Decrees issued by the Taliban have made Afghanistan one of the most dangerous places on earth for women and girls, almost completely excluded from public life. The situation for women and girls has reverted to that of the pre-2002 era when the Taliban controlled the country, effectively erasing twenty years of progress in women’s human rights.

On 24 December 2022, a directive barring women from working for national and international NGOs has proven to have a devastating humanitarian impact on millions of people across the country. Millions of vulnerable women and girls are prevented from receiving lifesaving assistance and services.

The Taliban has banned women and girls from entering parks, public baths, gyms, and sports clubs. Women have been banned from the workplace. Girls have been excluded from attending high school and women have been barred from attending university. And although the Taliban says the directives are temporary, many believe it is permanent.

The UN Security Council expressed concerns over the expectations of the Taliban and the lack of progress it has made, including the “full, equal, and meaningful participation of women and girls in society.”

Like Living in a Prison

For two decades, Afghan women and girls made advances toward fulfilling their human rights. Now, they are denied their fundamental rights and freedoms, including the right to education and work. Many are unable to have their basic needs met, including access to medical healthcare and psychological support, especially for victims of violence and sexual violence. They are denied freedom of movement and are not permitted to travel more than seventy-five km without a family member. They are compelled to stay at home. Afghan women and girls do not enjoy freedom from fear and discrimination and are required to adhere to a strict dress code. Women throughout the country have reported feeling isolated, suffocated, and invisible. They feel they are living in a prison.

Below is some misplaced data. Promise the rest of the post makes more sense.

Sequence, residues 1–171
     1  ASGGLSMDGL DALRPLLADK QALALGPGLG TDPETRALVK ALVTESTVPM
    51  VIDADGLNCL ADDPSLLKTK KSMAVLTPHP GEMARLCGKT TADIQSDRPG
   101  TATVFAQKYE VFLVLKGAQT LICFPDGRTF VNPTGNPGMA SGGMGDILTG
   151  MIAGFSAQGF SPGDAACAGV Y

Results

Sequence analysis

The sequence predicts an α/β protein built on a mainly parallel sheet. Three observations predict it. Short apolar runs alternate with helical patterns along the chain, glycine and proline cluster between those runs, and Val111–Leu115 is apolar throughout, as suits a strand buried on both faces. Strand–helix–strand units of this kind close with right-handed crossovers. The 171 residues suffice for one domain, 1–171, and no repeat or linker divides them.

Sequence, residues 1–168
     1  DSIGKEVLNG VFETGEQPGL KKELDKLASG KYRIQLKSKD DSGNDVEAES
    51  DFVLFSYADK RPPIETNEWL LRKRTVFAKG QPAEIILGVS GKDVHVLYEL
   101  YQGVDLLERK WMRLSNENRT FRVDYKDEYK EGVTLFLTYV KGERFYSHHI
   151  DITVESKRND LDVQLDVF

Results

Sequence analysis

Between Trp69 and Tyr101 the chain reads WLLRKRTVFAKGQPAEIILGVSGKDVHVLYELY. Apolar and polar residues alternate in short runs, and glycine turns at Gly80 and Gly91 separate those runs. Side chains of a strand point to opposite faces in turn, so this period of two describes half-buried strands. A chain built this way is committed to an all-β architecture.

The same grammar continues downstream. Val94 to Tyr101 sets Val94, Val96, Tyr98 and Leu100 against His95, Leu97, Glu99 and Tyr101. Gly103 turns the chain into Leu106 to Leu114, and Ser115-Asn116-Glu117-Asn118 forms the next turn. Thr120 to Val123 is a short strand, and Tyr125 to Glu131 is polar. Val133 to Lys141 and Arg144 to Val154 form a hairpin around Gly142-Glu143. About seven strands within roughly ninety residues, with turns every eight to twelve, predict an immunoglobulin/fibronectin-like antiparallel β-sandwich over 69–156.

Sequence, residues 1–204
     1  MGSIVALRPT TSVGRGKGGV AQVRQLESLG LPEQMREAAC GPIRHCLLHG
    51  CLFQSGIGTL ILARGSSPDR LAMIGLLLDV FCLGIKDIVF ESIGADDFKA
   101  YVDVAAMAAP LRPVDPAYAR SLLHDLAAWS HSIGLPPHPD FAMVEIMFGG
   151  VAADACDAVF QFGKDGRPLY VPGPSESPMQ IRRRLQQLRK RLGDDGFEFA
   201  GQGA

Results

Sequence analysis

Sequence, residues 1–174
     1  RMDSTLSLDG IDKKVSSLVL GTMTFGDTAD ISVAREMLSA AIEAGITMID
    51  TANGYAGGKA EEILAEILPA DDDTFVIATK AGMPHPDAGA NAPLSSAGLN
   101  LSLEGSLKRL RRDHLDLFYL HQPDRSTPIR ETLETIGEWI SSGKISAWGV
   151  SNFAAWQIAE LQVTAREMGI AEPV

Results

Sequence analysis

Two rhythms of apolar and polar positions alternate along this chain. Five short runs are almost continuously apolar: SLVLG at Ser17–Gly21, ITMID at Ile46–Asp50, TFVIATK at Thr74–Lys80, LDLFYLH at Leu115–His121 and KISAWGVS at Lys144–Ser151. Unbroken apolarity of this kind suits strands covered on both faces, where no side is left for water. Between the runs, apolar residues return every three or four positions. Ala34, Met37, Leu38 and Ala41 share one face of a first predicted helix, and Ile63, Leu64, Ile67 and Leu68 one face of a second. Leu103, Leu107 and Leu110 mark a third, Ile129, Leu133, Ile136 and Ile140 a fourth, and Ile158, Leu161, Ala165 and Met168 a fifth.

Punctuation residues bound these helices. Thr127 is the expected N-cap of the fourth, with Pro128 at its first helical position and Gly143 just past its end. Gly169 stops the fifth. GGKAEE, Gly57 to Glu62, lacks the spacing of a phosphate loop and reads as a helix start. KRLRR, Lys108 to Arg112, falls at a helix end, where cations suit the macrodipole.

Commitments were made to support Afghan women to help them rebuild their lives in the post-conflict reconstruction of the country. The international community said that Taliban restrictions on Afghan women and girls had been an insult to all standards of dignity, equality, and humanity. In less than a few months after the Taliban assumed control, women and girls have been reduced to property.

UN Mission Renewed

On 17 March 2023, the United Nations extended its mission to Afghanistan through March 2024. UN Mission in Afghanistan (UNAMA) adopted two resolutions drafted by UAE and Japan on the best way to work in the Taliban-ruled country. However, the resolutions do not change the mandate “In promoting peace and stability” in Afghanistan. At the same time, the UN made its single largest country appeal for aid, asking for $4.6 billion to deliver aid to Afghanistan in 2023.

At the root of the problem, is the inability to engage the de facto government – the Taliban. The international community has not agreed on a plan to address the economic collapse in Afghanistan and the unwillingness of the Taliban to cooperate, even for the sake of the people, leaves the country in peril.

Photo Credit: Afghanistan earthquake response, June 2022 by Tasnim News Agency. Licensed under CC by 4.0.

Read Part 1: The Crisis in the Horn of Africa